Design recommendations for augmenting creative tasks with computational priming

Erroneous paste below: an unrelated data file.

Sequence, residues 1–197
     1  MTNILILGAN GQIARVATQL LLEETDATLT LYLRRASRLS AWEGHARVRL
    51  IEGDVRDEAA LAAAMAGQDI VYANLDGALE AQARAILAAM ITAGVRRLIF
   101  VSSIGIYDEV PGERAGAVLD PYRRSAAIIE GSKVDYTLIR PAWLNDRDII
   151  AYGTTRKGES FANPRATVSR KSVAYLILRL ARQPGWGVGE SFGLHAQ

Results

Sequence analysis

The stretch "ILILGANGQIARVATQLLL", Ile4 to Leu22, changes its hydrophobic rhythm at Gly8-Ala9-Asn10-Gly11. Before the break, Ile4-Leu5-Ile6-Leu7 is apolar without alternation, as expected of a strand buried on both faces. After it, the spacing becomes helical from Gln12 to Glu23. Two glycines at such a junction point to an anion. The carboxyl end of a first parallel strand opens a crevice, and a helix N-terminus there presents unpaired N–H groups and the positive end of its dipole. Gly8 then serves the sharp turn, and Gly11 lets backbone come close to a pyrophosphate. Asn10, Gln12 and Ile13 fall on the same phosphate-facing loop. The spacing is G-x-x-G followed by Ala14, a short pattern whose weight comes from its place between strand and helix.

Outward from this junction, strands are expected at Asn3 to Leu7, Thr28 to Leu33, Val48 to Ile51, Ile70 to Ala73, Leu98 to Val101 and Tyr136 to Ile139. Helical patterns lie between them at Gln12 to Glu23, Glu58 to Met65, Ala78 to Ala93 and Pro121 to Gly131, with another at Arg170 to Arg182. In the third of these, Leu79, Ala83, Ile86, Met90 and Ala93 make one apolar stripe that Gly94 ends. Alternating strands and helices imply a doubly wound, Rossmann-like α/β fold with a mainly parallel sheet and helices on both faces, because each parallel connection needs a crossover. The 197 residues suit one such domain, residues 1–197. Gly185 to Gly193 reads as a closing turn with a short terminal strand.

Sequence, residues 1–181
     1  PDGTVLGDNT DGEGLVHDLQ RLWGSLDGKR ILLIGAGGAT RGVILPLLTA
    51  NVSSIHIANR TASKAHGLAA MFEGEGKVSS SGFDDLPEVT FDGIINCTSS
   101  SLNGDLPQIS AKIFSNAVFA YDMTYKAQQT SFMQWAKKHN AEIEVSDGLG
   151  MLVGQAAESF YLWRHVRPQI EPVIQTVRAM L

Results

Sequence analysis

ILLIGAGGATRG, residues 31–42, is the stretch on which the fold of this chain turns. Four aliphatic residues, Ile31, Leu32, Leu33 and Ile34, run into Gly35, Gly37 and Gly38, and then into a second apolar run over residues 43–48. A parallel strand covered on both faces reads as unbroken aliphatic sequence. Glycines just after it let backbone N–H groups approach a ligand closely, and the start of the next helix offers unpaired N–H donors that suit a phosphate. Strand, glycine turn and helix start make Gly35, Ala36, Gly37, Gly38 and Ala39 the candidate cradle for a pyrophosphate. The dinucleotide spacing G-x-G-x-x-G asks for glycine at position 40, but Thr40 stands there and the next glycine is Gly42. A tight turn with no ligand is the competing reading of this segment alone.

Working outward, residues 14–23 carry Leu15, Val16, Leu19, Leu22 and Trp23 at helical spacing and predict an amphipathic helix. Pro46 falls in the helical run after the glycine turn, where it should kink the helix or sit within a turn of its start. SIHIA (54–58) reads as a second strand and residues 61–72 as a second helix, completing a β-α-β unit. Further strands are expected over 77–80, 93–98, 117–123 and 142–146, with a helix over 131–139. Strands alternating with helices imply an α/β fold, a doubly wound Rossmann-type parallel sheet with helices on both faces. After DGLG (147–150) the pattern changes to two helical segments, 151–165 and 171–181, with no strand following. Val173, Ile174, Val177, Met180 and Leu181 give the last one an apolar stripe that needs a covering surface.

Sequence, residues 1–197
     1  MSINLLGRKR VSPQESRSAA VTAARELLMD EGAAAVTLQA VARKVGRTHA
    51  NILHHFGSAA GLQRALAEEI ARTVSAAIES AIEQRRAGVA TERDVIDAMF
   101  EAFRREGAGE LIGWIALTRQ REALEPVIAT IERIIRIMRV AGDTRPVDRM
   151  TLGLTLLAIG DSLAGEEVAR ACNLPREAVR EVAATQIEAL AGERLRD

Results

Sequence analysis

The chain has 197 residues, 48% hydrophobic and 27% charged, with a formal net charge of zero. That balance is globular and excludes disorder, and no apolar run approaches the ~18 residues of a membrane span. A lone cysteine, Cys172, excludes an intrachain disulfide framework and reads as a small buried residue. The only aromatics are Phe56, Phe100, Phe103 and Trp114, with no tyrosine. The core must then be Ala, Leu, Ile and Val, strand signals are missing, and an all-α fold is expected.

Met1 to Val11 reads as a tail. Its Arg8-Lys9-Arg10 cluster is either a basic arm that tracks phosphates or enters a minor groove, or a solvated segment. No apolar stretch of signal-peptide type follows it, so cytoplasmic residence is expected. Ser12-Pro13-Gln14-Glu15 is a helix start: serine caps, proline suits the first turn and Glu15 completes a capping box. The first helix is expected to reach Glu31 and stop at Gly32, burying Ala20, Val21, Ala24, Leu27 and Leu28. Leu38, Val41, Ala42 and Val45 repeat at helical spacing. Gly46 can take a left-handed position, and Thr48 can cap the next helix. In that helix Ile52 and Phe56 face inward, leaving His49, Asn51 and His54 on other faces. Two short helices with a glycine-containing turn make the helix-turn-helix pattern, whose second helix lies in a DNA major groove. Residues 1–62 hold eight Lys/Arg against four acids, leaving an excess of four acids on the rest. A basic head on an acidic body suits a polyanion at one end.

Supporting creativity is a grand challenge in HCI. A critical component of creativity is the ability for divergent thinking, and divergent thinking can be fostered through looking at the problem through the lens of a different person, by assuming a role. Prior work found that assuming a role and affective stimulation with images may lead individuals to be more creative. In this work, we investigate the use of roles in stimulating the creativity of individuals in two complementary studies. In the first study, we implemented an online instrument for augmenting creativity with roles and images, and recruited crowd workers (n = 60) to complete a divergent thinking task while assuming a role. Interestingly, and in contrast to earlier findings, our analysis could not confirm the computational priming having an effect on the outcome of a small batch of creative tasks. In the second study, we observed the effect of roles on the ideation process of individuals when they reach an impasse in the flow of ideas. Our complementary studies highlight that adopting roles can help when one runs out of ideas, but this is not a silver bullet for improving divergent thinking, especially in online crowd-sourcing environments that are increasingly being used for experiments and data collection in behavioural science. Our work informs the design of future crowd-powered creativity support tools and contributes a timely case study to the body of literature in the growing field of creativity support online.